Four people were released from prison in two border towns in Mexico, after spending years incarcerated for crimes which rights groups say they were wrongfully accused and later convicted of after confessing under torture, The Associated Press reported Thursday.
“The fact that judges in different states of the country can strike down shaky accusations based on torture shows us that there is some hope for justice in other cases,” Amnesty International Americas Director Erika Guevara Rosas said in a statement on behalf of two of the individuals released.
Three of the freed individuals had been detained in 2013 in Ciudad Juárez, across the border from El Paso, Texas, on accusations that they belonged to an extortion ring, according to Mexican rights organizations. The fourth, a bus driver arrested in 2012, had been accused of drug trafficking. He was released from a prison on the outskirts of Tijuana, across the border from San Diego.
The freed individuals allegedly suffered physical, psychological and sexual abuse. Cristel Piña, one of the three detained in Ciudad Juarez, testified against her accused rapist, a policeman, in November. Piña also testified that she was tortured into giving a videotaped confession, which she recanted when brought before a judge.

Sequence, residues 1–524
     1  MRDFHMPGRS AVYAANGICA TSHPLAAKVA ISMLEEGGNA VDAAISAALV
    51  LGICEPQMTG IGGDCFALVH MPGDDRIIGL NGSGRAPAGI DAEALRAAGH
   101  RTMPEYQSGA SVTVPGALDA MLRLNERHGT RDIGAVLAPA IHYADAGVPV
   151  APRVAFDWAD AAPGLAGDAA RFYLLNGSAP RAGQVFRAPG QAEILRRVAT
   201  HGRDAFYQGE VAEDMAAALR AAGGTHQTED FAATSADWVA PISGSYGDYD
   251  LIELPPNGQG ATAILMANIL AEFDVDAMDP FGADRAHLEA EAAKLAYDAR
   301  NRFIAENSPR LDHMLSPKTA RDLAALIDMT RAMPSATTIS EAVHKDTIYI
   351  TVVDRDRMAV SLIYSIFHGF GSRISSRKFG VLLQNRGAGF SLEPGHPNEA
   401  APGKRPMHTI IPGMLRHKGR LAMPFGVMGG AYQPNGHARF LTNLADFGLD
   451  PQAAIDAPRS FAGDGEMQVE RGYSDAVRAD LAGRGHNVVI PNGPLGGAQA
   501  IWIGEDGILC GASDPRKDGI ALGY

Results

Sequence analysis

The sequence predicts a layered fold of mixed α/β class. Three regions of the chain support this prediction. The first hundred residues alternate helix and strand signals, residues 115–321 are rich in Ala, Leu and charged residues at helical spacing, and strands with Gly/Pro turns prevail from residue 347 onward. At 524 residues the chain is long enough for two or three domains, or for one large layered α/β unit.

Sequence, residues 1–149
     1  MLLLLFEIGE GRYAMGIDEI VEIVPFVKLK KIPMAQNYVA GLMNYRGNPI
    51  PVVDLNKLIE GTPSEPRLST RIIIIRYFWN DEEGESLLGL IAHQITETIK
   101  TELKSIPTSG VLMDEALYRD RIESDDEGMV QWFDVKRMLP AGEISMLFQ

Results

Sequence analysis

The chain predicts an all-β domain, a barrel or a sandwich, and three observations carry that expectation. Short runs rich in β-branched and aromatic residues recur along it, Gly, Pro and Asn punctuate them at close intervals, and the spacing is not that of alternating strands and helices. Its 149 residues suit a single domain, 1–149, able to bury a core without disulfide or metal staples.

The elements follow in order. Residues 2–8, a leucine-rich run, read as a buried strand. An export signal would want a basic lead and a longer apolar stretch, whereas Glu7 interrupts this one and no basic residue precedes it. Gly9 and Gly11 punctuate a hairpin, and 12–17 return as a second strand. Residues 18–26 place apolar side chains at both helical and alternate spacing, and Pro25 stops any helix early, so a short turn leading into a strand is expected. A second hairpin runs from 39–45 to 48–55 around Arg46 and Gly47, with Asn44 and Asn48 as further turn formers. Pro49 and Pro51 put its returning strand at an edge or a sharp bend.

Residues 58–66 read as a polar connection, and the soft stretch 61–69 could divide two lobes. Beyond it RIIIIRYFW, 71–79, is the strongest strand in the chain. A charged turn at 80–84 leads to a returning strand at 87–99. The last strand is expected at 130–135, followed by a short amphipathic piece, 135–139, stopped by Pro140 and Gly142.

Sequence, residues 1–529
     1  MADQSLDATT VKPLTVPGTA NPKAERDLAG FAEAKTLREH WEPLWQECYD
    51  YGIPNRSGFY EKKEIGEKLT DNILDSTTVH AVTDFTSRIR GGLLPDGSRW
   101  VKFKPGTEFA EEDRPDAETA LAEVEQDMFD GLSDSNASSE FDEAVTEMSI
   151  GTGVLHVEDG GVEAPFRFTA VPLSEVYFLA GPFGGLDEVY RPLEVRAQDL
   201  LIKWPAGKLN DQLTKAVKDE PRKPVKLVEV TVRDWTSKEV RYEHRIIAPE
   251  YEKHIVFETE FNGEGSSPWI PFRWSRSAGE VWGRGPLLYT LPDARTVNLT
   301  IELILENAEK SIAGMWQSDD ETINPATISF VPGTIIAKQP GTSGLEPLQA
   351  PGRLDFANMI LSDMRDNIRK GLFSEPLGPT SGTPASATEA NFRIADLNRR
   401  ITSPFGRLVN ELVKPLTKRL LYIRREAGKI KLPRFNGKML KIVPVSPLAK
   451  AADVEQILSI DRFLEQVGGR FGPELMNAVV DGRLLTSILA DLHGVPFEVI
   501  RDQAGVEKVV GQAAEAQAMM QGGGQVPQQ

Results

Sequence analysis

A United Nations report (available as a .docx) released in March outlined the widespread use of torture methods, including waterboarding and rape, by security forces who enjoy “a disturbing level of impunity.” While the number of torture complaints to the country’s National Human Rights Commission has increased since 2007, according to the report, with 2,020 complaints in 2011 and 2,113 in 2013, only five people in Mexico were convicted of torture between 2005 and 2013.
The case highlights a controversial feature of Mexico’s justice system, based on civil law, where, in the language of an advisory from the U.S. consulate in Tijuana, the accused are “guilty until proven innocent.”
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